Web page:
This and other research warrants the investigation of better intervention strategies that can reduce morbidity and ameliorate adverse outcomes in these infants.
The purpose of this current study is to determine whether the findings from CHONY are replicable, the efficacy of the FNI protocol in improving developmental outcomes in preterm births in a different cohort (at CHoNJ) and to compare the outcomes of patients in two different hospital environments.
The study will again compare the current standard of care in the NICU, which includes periodic skin-to-skin holding, to a Family Nurture Intervention (FNI) which adds other interventions: interactive touch with vocal soothing, sustained reciprocal olfactory exposure, and family modeling and practice in comforting as well as a more systematic implementation of skin-to-skin holding. The behavioral, neurobiological and clinical insights gained from this project may eventually lead to better prevention of developmental disorders, reduced morbidity and more effective clinical intervention strategies both in the neonatal intensive care unit (NICU) and after discharge. We hypothesize that the treated babies will show better results in the primary outcome measure in the short term and secondary long term as compared to infants undergoing standard care.
|Study Type :||Interventional (Clinical Trial)|
|Actual Enrollment :||54 participants|
|Intervention Model:||Parallel Assignment|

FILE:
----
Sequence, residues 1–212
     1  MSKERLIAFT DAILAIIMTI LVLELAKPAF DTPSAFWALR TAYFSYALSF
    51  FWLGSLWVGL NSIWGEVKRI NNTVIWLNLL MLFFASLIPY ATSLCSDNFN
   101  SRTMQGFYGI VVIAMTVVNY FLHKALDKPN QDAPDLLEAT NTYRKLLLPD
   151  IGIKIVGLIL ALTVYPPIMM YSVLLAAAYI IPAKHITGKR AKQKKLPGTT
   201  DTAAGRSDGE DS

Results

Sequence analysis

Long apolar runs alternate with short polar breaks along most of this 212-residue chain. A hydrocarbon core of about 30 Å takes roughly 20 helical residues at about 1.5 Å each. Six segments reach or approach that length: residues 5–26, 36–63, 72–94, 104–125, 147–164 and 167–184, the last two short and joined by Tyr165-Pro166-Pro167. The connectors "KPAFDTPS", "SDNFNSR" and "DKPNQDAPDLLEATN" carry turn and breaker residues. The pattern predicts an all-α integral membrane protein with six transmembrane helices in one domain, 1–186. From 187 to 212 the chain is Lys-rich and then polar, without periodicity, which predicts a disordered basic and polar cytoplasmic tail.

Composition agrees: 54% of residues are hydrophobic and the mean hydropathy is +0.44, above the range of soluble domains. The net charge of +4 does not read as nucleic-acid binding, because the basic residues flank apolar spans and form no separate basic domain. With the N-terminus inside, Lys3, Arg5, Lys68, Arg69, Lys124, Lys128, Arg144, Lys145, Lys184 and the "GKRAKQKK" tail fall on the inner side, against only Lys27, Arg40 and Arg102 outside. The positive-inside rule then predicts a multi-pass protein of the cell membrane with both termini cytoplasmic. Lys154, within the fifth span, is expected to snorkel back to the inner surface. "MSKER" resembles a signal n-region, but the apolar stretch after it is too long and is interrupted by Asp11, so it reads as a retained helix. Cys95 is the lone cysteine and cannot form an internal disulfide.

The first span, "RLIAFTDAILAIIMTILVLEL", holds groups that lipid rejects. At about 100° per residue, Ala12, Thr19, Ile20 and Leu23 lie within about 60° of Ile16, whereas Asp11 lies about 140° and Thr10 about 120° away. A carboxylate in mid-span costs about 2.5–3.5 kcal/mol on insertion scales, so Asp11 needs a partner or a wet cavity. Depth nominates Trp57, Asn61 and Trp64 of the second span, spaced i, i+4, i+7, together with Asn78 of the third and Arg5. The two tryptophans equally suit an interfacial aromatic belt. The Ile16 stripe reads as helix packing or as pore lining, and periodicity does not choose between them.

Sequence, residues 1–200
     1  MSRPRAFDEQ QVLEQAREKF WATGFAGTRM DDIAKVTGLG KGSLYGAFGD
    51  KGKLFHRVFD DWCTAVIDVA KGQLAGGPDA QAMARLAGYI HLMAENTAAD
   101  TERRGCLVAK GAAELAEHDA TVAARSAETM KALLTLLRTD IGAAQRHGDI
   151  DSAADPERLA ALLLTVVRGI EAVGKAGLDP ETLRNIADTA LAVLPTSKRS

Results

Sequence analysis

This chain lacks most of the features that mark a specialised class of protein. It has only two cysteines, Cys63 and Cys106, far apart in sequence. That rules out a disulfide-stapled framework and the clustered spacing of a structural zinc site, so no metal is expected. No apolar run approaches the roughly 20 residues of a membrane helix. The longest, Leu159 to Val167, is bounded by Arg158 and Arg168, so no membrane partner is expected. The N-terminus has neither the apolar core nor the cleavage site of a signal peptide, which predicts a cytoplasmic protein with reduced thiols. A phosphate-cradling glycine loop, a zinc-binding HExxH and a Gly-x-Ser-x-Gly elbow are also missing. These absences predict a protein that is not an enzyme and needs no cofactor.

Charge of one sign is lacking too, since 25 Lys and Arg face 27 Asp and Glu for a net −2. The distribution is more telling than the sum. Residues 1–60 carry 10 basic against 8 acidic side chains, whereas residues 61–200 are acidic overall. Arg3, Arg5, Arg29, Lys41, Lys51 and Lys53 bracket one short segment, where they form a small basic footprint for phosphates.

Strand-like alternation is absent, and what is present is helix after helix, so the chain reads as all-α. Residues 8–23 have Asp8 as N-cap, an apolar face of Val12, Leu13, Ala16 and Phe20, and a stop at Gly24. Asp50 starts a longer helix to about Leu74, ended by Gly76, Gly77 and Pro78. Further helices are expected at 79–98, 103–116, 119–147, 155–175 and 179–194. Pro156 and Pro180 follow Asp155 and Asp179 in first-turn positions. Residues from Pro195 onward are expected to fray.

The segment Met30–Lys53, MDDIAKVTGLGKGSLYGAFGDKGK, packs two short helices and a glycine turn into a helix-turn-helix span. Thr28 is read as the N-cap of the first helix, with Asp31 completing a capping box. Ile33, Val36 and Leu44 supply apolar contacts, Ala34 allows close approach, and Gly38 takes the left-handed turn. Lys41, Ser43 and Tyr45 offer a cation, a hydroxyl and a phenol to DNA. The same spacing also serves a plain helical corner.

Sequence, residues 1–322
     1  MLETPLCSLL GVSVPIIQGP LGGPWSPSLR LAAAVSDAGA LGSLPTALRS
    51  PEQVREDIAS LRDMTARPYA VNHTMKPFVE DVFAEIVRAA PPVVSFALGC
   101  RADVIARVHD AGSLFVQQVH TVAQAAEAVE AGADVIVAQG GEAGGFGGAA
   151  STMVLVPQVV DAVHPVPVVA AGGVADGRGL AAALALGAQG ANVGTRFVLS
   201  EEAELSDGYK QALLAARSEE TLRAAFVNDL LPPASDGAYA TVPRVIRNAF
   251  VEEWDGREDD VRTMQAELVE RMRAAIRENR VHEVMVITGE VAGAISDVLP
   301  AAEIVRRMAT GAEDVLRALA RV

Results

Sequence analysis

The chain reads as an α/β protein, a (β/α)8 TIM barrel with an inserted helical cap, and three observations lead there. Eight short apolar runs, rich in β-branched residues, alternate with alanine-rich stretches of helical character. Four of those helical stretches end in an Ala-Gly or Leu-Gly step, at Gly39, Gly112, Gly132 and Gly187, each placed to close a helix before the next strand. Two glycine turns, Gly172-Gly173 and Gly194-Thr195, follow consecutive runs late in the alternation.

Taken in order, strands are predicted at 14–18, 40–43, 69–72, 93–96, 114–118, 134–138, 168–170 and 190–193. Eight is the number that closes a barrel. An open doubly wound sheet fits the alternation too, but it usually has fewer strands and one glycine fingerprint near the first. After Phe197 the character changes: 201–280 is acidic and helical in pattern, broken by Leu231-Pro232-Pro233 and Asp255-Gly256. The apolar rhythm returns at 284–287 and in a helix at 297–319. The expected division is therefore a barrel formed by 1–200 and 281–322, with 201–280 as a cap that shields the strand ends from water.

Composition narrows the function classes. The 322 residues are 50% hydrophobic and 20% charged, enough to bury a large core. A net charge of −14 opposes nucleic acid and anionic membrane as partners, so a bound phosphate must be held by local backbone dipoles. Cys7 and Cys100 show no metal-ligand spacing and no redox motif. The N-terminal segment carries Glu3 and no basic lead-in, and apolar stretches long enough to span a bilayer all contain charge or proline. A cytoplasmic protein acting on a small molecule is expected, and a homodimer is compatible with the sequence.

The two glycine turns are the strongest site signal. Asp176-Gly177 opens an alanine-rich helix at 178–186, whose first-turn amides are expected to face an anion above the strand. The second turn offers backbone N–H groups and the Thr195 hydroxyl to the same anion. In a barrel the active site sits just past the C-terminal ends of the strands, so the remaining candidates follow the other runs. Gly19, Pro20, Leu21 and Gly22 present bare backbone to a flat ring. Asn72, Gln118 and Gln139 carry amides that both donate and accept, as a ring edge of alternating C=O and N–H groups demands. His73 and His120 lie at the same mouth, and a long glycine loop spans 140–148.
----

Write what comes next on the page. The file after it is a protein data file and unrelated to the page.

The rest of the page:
|Masking:||Triple (Participant, Investigator, Outcomes Assessor)|
|Official Title:||Randomized Control Trial of Family Nurture Intervention in the Children's Hospital of New Jersey Neonatal Intensive Care Unit|
|Study Start Date :||January 2015|
|Actual Primary Completion Date :||May 2016|
|Actual Study Completion Date :||May 2016|
No Intervention: Standard Care
Mothers are given infant care instruction as part of standard care
Experimental: Facilitated infant care
Family Nurture Intervention
Behavioral: Facilitated Infant Care
Family Nurture Intervention is facilitated by specially trained Nurture Specialists. The intervention involves calming interactions between mother and infant in the isolette via odor exchange, firm sustained touch and vocal soothing, through calming interactions during holding and feeding via the Calming Cycle and through family sessions designed to engage the help and support of family members for the mother.
Other Name: Family Nurture Intervention
Full Term EEG
Small group of healthy, Full-Term infants will receive two sleep EEGs (one in unit, and one 4 weeks post discharge) for healthy control comparison to preterm infants
Other: Full Term EEG